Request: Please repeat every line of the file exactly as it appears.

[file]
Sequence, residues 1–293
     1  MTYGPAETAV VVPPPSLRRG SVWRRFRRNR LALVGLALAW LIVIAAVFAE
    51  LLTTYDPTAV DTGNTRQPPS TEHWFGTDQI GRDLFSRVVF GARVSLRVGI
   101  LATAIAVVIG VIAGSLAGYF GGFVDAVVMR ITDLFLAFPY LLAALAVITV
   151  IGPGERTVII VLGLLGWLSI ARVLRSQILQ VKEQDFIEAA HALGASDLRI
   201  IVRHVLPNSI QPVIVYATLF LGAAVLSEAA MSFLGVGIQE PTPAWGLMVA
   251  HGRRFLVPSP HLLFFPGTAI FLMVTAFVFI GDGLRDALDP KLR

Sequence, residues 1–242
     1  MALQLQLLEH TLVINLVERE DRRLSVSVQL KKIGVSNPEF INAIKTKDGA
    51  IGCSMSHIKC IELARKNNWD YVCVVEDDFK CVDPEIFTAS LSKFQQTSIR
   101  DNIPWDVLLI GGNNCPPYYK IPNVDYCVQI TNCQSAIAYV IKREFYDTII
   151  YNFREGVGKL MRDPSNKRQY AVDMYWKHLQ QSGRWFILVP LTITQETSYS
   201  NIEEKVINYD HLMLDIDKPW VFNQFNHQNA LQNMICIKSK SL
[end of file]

Sequence, residues 1–293
     1  MTYGPAETAV VVPPPSLRRG SVWRRFRRNR LALVGLALAW LIVIAAVFAE
    51  LLTTYDPTAV DTGNTRQPPS TEHWFGTDQI GRDLFSRVVF GARVSLRVGI
   101  LATAIAVVIG VIAGSLAGYF GGFVDAVVMR ITDLFLAFPY LLAALAVITV
   151  IGPGERTVII VLGLLGWLSI ARVLRSQILQ VKEQDFIEAA HALGASDLRI
   201  IVRHVLPNSI QPVIVYATLF LGAAVLSEAA MSFLGVGIQE PTPAWGLMVA
   251  HGRRFLVPSP HLLFFPGTAI FLMVTAFVFI GDGLRDALDP KLR

Sequence, residues 1–242
     1  MALQLQLLEH TLVINLVERE DRRLSVSVQL KKIGVSNPEF INAIKTKDGA
    51  IGCSMSHIKC IELARKNNWD YVCVVEDDFK CVDPEIFTAS LSKFQQTSIR
   101  DNIPWDVLLI GGNNCPPYYK IPNVDYCVQI TNCQSAIAYV IKREFYDTII
   151  YNFREGVGKL MRDPSNKRQY AVDMYWKHLQ QSGRWFILVP LTITQETSYS
   201  NIEEKVINYD HLMLDIDKPW VFNQFNHQNA LQNMICIKSK SL